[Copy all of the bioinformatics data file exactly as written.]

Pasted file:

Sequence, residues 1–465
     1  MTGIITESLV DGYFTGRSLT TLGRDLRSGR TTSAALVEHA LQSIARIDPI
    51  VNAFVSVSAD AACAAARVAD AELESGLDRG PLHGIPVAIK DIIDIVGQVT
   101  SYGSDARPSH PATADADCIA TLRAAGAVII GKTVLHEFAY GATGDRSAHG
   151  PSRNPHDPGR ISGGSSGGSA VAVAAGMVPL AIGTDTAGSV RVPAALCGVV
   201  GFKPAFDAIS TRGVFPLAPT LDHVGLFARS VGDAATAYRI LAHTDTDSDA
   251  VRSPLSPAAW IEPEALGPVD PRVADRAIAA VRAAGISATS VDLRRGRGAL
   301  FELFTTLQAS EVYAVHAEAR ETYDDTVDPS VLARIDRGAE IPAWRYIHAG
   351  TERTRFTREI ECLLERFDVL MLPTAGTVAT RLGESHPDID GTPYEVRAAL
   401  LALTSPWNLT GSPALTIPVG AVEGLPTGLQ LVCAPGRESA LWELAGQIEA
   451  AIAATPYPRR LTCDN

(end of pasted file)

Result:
Sequence, residues 1–465
     1  MTGIITESLV DGYFTGRSLT TLGRDLRSGR TTSAALVEHA LQSIARIDPI
    51  VNAFVSVSAD AACAAARVAD AELESGLDRG PLHGIPVAIK DIIDIVGQVT
   101  SYGSDARPSH PATADADCIA TLRAAGAVII GKTVLHEFAY GATGDRSAHG
   151  PSRNPHDPGR ISGGSSGGSA VAVAAGMVPL AIGTDTAGSV RVPAALCGVV
   201  GFKPAFDAIS TRGVFPLAPT LDHVGLFARS VGDAATAYRI LAHTDTDSDA
   251  VRSPLSPAAW IEPEALGPVD PRVADRAIAA VRAAGISATS VDLRRGRGAL
   301  FELFTTLQAS EVYAVHAEAR ETYDDTVDPS VLARIDRGAE IPAWRYIHAG
   351  TERTRFTREI ECLLERFDVL MLPTAGTVAT RLGESHPDID GTPYEVRAAL
   401  LALTSPWNLT GSPALTIPVG AVEGLPTGLQ LVCAPGRESA LWELAGQIEA
   451  AIAATPYPRR LTCDN